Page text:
28. American Wild Ale

Nummy Nums

(American Wild Ale, Brett Beer, 28A) BeerSmith Recipe File


The inspiration for this beer came from one place: Michael Tonsmeire. His blog is a fantastic tome of wild and sour beers. He has also recently authored a book on the subject, of which I have referenced heavily for this recipe.

What surprised me about 100% Brett beers after having a few commercial examples is the lack of funk. You’d think, given that a little Brett in finished beer can produce lots of funk, that a beer made entirely of Brett would make a beer so funky as to be undrinkable. Not so. The resulting flavors of your 100% Brett beer will vary based on the strain of Brett you use, so do some research and select the strain carefully. Brett Trios aka Brett Drie produces wonderful tropical fruit flavors that lend it to IPAs (1), so that’s what I’m making. A 100% Brett IPA.

The single hardest part about making a 100% Brett beer is that you need to make massive starters. Maybe massive isn’t the right word, since I would say lagers need massive starters. You need to make an epic starter for 100% Brett beer, or better yet, a multi-step starter. The vials of Brett that White Labs sells only contain 2-3.5 billion cells, compared to 100 billion cells in a S. cervasiea vial. Throw that number into your favorite yeast pitching rate calculator, and you’ll realize that you need to start preparing for this brew day 2 weeks in advance.

Since it is such a pain in the butt to make all that yeast, I would also make plans to harvest as much as you can post fermentation. Even if you never make Brett beer again, save another brewer the trouble of making godzilla starters.

Brett ferments like to have a little lower pH than “normal” wort. So I also added a half pound of acid malt after the sacrification rest (post mash, pre sparge) to help the Brett ferment faster (again, see Tonsmeire’s book for why), and to allow for the creation of the ester ethyl lactate, which is perceived as “tropical fruit” by many.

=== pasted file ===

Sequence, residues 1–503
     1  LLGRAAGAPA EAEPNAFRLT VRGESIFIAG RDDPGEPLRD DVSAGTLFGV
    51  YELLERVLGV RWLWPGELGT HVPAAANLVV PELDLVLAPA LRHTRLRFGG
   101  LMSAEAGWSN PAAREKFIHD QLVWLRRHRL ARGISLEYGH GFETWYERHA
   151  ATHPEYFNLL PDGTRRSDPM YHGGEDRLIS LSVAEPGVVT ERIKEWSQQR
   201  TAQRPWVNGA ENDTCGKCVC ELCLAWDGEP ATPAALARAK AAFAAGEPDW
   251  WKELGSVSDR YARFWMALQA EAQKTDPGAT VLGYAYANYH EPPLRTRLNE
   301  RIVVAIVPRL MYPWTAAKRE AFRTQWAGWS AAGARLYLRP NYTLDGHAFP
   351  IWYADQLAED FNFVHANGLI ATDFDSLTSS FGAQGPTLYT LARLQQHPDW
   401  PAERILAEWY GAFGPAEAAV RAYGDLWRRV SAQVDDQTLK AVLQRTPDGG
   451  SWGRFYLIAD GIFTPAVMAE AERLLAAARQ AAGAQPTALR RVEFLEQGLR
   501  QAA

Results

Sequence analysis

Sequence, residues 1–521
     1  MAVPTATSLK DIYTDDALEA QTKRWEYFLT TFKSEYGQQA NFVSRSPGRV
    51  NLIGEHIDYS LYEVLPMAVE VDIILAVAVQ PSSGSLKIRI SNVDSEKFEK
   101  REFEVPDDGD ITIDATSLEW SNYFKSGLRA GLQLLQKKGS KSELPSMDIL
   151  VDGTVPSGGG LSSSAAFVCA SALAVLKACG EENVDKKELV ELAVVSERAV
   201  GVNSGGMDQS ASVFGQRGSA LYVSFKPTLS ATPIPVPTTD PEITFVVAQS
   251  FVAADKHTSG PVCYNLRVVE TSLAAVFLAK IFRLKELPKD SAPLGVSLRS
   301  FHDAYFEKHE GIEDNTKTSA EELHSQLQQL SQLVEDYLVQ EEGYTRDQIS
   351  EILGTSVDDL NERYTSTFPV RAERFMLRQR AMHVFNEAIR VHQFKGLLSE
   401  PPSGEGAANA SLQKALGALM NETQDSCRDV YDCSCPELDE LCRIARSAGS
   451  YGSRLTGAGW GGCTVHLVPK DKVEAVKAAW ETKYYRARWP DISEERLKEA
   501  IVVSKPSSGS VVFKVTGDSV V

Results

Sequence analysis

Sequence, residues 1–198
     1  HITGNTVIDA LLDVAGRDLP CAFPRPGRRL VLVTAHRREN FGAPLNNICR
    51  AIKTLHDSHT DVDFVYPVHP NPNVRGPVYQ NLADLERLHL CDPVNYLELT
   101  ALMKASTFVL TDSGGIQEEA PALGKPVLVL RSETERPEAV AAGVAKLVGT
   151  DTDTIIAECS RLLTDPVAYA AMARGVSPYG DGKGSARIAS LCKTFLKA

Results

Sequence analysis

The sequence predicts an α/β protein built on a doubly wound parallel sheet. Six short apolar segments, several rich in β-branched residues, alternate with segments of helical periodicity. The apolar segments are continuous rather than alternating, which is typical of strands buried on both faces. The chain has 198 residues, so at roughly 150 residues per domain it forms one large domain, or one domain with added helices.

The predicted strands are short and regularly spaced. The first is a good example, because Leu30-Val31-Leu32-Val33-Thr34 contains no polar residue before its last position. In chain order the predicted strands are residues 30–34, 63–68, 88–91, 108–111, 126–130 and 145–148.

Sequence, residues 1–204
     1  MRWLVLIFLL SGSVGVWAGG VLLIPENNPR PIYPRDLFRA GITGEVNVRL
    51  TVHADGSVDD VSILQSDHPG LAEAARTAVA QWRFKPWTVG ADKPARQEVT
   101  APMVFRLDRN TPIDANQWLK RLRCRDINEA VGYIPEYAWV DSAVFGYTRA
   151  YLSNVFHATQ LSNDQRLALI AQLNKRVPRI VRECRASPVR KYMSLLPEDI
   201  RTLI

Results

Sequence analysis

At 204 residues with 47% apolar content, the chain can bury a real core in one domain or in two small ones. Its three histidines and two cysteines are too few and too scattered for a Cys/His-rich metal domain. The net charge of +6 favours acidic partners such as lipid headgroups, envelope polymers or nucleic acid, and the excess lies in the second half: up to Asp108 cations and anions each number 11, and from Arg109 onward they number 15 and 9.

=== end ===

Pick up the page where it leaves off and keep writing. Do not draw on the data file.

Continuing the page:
9 lbs. US 2-Row
4 lbs. White Wheat Malt
0.25 lbs. Carapils
0.25 lbs. Munich Malt
0.5 lbs. Acidulated Malt (added post mash)

Mash @ 153° for 60 minutes (1.5 qt/lb.), sparge w/ 4.9 gal

Boil for 60 minutes
1 oz. Citra (14.4% AA) boil for 60 min
1 oz. each Citra, Mosiac, Equinox, Nelson Sauvin at flameout, steep for 15 min

2 Step starter of WLP644 Brett. Trois, pitched @ 66°

Dry Hop 1 oz each Citra, Mosaic, Equinox, Nelson Sauvin for 3 days

OG: 1.060
FG: 1.008
ABV: 6.8%
IBU: 76
SRM: 5.3

Brew Day

There really isn’t anything exciting to say about the brew day. The hot side of this wort isn’t really the important part. Perhaps I should point out (or should have already pointed out) that the higher percentage of wheat in this recipe is an attempt to help give the final beer some body. Fermentations with 100% Brett usually result in final gravities well below 1.010, which can be overly dry on the palate, especially for this style of beer.



The fermentation proceeded exactly how you’d expect a S. cerevisiae (normal ale yeast) beer to. In fact, it was identical to an ale fermentation, save for the tail end. The beer seemed to have airlock activity (not always the best indicator of yeast activity, but I digress) for at least another week before settling down. I let the beer sit in primary for a total of 3 weeks, just to ensure the gravity was somewhat stable before packaging. I began fermentation at 66°, and began ramping up to 72° on day 4 over the course of several days.

I racked the beer to a keg for dry hopping. I dry hopped for 3 days.



I carbonated this beer in the keg for a week. While you can certainly bottle condition 100% Brett beers, make sure the gravity is stable! Again, if you have questions about what that means, read American Sour Beers, or hit Michael T.’s blog.